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The water industry

  • Milan
  • 20 March 2023

        The water industry is strategic to the future of Italy from the point of view not only of the economy but also of the country’s resilience to the increasingly complex challenges posed by the climate crisis.

        The first problem to confront is understanding to what extent the national water system has all the requisites of a valid industry, one capable of confronting the highly diversified needs of users (private consumers, industry, agriculture, the energy sector) and of the territory. This presupposes, first and foremost, the existence and administration of a chain of infrastructures and services analogous to those of the utilities of other sectors. Fundamental then is continuous and substantial investment in the construction, and more importantly the maintenance, of those infrastructures. All this needs to be flanked by research, development and innovation, along with the training of the required human capital. Finally, to complete the picture, an adequate regulatory system mindful of the rights and obligations of all concerned.

        Nevertheless, to be considered a true industry, a certain ambiguity that has long characterized the sector needs clarification: considering water a public asset does not mean that managing it comes without a price tag. Indeed, all the aforementioned factors carry costs that have to be offset by tariffs or general taxation and remain a key element in economic sustainability. Italy, instead, seems still to be suffering from a vicious cycle distinguished by tariffs much lower than the European average, very high consumption associated with low perceived value and often inadequate infrastructure, with losses amounting to 40% of the resources flowing through the system.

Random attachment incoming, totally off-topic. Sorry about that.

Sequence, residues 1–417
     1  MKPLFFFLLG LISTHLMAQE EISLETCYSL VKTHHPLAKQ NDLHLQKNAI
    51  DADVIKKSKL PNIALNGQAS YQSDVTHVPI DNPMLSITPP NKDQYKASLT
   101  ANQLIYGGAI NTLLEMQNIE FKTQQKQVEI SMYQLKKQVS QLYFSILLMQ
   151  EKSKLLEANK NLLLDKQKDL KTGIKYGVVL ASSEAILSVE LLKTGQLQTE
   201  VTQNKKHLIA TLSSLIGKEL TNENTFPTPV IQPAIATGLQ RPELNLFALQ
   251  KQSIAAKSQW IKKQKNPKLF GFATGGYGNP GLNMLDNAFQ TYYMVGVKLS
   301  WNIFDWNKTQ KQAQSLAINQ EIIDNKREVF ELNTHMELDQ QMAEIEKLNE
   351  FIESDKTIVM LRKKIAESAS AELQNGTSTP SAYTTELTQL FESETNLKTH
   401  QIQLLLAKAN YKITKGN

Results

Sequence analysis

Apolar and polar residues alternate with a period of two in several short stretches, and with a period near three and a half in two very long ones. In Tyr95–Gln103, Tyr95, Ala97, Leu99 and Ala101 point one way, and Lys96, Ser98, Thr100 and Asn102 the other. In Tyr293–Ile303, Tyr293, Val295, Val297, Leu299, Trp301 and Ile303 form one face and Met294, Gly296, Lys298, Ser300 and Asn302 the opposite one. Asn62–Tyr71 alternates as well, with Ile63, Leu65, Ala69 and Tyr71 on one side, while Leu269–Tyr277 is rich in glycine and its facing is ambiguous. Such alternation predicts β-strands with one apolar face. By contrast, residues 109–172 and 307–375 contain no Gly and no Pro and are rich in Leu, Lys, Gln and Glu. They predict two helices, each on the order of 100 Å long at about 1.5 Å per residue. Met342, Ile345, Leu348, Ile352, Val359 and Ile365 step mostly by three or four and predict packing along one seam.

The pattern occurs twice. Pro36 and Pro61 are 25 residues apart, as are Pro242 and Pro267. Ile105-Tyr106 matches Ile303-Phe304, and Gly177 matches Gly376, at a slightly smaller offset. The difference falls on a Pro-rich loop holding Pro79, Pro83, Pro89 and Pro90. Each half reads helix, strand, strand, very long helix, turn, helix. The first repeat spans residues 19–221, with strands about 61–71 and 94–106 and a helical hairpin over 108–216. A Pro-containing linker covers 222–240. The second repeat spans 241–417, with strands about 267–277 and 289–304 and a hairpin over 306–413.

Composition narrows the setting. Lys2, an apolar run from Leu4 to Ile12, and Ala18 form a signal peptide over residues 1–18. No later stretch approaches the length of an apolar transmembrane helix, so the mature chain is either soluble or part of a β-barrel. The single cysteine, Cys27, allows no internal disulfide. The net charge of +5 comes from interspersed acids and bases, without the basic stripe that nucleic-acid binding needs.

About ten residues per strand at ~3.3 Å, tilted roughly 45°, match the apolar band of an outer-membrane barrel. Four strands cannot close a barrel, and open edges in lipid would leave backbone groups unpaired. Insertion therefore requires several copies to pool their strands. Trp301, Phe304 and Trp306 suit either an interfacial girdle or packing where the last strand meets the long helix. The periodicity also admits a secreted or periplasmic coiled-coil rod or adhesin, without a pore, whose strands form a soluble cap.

Change must come in the form of both improved efficiency and effectiveness as well as increased productivity. The Italian water industry’s transition to accommodating the new scenarios associated with the climate crisis calls for assessing all contiguous sectors and implementing adequate territorial governance. That involves a dynamic allocation system capable of maintaining the productivity of resources even in the case of shortages: an element in need of infrastructure but also, and more importantly, of institutional planning. Truly key at this juncture is technology. For an important sector like water, burdened by uncertainty regarding data – starting with those on the resources available – the creation of intelligent networks capable of best handling drought events is pivotal to confronting future threats. 

        Technology and innovation are key to agriculture as well, which is the principal consumer of water. Introducing new irrigation methods and improving traditional ones can have a significant impact on water consumption and the resilience of farming businesses, overcoming the initial strain experienced in the summer of 2022 by private consumers, hydroelectric electricity production and the needs of the primary sector.

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